Do you like horror movies?
Oh my god, fuck yeah. I do. Even if it’s a bad one, it feels good, because they’re still using music to create a suspense, a drama that provokes a reaction from the audience. That’s what I try to make my music about, whatever the emotion behind the song being in the music, in the instrumental, in the beat. Music is about creating a soundtrack to the emotions and opinions you have. If you mute a horror film, it’s not scary, you don’t know when the killer’s coming. When the killer finally comes it’s not a big ordeal because nothing gave you the suspense to lead up to it. Learning that, from watching horror films and understanding how to celebrate and find exhilaration in pain and violence – and finding the poetry in violence, like Tarantino does – it’s a really wonderful way to apply it to my music. My music, they’re calling it dark pop, and really it’s not just a celebration of being in a club, or feeling like you should celebrate. It’s a celebration of everything – heartache, revenge, of everything you’ve been through, longing, wanting and loneliness, sadness and love and struggle. It’s the celebration of the triumph of having happiness and finding perfection through all of the obstacles.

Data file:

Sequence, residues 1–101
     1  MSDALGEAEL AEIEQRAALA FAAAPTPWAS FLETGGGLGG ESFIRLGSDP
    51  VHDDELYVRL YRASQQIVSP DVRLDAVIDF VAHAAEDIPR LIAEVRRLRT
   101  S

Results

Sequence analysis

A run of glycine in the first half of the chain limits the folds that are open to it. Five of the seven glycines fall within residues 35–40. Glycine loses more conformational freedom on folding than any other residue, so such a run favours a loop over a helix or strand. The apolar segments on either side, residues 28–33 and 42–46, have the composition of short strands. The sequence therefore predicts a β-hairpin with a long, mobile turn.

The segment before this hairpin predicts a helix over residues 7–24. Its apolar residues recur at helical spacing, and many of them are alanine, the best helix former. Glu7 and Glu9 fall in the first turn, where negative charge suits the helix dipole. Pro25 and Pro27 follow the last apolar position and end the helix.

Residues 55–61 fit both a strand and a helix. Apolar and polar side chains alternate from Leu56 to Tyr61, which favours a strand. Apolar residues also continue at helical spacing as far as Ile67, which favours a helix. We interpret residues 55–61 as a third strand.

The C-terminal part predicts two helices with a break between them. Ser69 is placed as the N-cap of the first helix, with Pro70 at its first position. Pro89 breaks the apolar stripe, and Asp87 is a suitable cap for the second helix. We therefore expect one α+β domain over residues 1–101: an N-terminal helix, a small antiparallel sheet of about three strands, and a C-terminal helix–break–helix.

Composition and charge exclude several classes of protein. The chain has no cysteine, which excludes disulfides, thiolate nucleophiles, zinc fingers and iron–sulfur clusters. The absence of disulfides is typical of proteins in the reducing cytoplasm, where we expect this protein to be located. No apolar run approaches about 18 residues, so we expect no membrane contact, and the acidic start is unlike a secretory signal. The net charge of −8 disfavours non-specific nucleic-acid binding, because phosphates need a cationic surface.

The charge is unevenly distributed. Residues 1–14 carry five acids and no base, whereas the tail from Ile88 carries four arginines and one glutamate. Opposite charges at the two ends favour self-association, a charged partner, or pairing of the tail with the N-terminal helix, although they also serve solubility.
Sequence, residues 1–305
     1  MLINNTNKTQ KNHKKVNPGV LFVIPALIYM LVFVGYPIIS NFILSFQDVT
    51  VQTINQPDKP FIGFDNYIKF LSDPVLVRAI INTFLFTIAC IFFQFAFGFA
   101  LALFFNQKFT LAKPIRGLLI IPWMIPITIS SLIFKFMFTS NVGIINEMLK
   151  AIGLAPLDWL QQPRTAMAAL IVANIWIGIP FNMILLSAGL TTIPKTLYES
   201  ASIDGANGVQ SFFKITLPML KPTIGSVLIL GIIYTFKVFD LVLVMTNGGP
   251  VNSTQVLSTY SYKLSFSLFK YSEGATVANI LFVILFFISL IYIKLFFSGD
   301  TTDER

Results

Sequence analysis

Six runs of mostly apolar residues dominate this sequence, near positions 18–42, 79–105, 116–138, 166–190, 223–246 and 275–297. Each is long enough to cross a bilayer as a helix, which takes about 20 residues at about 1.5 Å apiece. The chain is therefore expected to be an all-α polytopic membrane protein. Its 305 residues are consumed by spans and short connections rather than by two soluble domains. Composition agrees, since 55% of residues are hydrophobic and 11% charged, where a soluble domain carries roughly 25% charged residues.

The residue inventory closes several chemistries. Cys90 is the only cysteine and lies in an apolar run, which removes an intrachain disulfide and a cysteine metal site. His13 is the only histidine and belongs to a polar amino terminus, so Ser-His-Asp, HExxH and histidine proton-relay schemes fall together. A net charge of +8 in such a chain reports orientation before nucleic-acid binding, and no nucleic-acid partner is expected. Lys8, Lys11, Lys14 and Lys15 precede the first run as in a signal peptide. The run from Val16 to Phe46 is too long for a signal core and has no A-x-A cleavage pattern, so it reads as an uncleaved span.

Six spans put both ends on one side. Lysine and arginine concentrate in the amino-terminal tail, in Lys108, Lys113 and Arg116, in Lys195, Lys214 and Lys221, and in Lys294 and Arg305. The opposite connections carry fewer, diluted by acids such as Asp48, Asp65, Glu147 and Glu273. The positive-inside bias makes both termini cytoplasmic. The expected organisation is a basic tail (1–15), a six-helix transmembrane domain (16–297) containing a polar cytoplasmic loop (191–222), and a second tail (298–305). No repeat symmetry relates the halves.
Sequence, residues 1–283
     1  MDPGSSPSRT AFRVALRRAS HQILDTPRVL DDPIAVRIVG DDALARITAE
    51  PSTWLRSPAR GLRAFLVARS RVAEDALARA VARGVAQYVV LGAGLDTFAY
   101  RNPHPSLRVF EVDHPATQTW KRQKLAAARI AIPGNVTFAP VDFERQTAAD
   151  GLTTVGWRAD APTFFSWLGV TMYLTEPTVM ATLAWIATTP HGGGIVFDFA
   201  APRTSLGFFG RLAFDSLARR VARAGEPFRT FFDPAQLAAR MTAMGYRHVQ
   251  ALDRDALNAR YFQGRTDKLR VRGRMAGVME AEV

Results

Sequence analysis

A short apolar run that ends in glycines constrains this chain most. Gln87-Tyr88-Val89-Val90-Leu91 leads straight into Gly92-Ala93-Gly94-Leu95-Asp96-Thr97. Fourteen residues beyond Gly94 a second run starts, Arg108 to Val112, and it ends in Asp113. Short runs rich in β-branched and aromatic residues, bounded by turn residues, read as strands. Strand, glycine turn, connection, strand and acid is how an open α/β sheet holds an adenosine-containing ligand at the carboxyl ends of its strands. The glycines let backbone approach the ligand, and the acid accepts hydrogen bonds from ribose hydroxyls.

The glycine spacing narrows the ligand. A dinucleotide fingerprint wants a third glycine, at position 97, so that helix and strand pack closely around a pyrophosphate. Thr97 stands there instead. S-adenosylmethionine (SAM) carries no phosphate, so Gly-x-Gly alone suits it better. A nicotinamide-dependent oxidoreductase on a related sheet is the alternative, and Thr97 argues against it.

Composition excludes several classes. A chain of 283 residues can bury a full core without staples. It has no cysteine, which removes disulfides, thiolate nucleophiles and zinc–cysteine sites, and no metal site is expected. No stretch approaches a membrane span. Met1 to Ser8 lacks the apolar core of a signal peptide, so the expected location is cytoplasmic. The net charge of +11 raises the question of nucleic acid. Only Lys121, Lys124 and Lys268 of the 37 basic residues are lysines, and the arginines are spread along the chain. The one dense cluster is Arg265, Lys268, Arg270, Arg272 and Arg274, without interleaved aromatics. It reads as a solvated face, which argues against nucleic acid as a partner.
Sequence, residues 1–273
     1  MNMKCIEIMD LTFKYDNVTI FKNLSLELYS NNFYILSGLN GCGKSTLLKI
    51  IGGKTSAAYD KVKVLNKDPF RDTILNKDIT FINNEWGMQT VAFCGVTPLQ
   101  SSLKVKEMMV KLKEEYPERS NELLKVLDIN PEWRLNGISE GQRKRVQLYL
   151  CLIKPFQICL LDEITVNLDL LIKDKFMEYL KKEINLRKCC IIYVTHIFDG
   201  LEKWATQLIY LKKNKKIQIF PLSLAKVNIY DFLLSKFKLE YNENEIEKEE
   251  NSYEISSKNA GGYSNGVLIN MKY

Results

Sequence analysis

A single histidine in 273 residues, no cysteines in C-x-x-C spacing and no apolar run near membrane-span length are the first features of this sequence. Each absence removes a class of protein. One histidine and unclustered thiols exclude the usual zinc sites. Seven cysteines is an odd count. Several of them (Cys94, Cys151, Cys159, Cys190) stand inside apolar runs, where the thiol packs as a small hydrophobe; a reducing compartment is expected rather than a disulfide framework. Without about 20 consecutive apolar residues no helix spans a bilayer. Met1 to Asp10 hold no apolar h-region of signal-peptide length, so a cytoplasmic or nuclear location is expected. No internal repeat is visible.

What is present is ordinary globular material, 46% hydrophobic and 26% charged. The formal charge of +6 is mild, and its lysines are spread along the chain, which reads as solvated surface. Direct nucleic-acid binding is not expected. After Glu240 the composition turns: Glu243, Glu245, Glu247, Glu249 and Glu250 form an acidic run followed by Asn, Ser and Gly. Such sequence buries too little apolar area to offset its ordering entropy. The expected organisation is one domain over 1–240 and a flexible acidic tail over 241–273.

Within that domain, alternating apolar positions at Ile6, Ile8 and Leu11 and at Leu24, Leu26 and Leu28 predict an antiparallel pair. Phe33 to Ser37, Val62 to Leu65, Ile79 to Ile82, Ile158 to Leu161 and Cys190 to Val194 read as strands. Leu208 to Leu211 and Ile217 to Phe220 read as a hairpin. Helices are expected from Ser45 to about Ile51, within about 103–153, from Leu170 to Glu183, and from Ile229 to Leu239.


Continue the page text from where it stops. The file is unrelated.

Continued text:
Check out An Inside Look at Natalia Kills here.